Norwegian fish flying onto Saudi tables

Norway ambassador Oyvind Stokke
Updated 16 October 2019

Norwegian fish flying onto Saudi tables

  • Ambassador Oyvind Stokke: Worldwide seafood exports were an important part of Norway’s blue economy and the country was also contributing to a positive trend of healthier lunches and dinners among Saudis

RIYADH: Norwegian salmon sales to the Kingdom have risen to $27 million this year, a 50 percent increase from the previous year, the country’s ambassador to Saudi Arabia has said.
Oyvind Stokke said that Norway’s salmon producers had sold 3.33 tons of salmon to Saudi Arabia in 2019, up from 2.3 tons last year.
“The increase in value has an even greater effect, from $18 million in 2018 to $27 million so far in 2019. Now, the sales of other seafood products like mackerel, are increasing in Saudi Arabia and I am very happy to see this development,” the ambassador told Arab News.
Worldwide seafood exports were an important part of Norway’s blue economy and the country was also contributing to a positive trend of healthier lunches and dinners among Saudis, he added.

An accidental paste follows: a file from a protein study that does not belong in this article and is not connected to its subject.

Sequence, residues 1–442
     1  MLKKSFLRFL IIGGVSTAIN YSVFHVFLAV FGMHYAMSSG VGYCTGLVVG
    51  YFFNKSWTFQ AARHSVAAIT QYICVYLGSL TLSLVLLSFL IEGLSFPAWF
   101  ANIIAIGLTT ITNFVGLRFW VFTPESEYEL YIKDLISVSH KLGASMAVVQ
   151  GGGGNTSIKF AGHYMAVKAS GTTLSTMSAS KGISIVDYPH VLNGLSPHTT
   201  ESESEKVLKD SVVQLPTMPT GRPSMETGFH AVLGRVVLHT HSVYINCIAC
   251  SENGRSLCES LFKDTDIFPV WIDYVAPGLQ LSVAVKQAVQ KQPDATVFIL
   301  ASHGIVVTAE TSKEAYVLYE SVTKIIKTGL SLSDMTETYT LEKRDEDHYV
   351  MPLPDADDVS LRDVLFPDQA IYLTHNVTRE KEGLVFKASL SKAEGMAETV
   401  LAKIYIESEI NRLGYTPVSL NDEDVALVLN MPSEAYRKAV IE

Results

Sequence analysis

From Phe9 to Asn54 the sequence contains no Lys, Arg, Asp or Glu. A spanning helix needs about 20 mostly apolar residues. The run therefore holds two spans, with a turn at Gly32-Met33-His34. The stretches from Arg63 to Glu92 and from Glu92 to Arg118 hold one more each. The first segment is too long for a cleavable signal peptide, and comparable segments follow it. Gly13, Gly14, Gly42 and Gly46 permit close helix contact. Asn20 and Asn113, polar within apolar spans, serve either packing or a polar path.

“There is a shift going on in people’s food and eating habits. In that respect I look forward to receiving two Norwegian business delegations in the coming weeks.”
The 38th International Agriculture, Aquaculture and Agro-Industry Show in Riyadh, which is being held from Oct. 21 to Oct. 24, is hosting Skretting, Smart Farm, Green Cap, Innovation Norway and other firms, the ambassador said.
Visitors to the Saudi Horeca Exhibition in Riyadh, which is being held from Nov. 26 to 28, can get to know brands and organizations such as Norsk Sjømat, Salmar, Sekkingstad, Ocean Quality, Coast Seafood, Hofseth International, Kulinarisk Akademi, Coldwater Prawns of Norway and the Norwegian Seafood Council.
“Our aim is to show Saudis how to prepare and cook seafood in new ways,” Stokke said. But while the seafood export sector is booming, the tourism industry has yet to take flight.
There were a small number of Saudi visitors to Norway compared to other European destinations, but that number was steadily increasing, the envoy said.
“So far this year, 40 percent more Schengen visas to Norway have been issued. I welcome all Saudis to Norway, tourists, businesspersons, students or researchers.”